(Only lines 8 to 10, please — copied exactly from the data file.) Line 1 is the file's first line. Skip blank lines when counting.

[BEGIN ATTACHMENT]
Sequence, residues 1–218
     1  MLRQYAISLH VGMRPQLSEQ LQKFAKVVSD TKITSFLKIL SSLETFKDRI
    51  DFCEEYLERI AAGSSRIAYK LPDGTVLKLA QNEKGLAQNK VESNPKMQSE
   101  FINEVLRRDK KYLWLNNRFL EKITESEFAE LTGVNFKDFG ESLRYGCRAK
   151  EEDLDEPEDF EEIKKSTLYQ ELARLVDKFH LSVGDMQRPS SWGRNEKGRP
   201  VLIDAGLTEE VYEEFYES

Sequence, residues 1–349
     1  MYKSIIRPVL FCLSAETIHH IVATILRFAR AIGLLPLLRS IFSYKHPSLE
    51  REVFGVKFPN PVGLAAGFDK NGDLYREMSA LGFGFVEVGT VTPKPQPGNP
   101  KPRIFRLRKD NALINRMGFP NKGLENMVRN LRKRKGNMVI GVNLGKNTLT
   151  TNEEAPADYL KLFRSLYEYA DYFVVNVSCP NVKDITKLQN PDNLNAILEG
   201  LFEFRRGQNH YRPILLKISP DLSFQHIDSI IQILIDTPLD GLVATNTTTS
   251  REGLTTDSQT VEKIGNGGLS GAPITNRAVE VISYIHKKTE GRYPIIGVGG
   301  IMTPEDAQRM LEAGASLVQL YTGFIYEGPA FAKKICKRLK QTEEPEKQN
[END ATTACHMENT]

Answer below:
     1  MYKSIIRPVL FCLSAETIHH IVATILRFAR AIGLLPLLRS IFSYKHPSLE
    51  REVFGVKFPN PVGLAAGFDK NGDLYREMSA LGFGFVEVGT VTPKPQPGNP
   101  KPRIFRLRKD NALINRMGFP NKGLENMVRN LRKRKGNMVI GVNLGKNTLT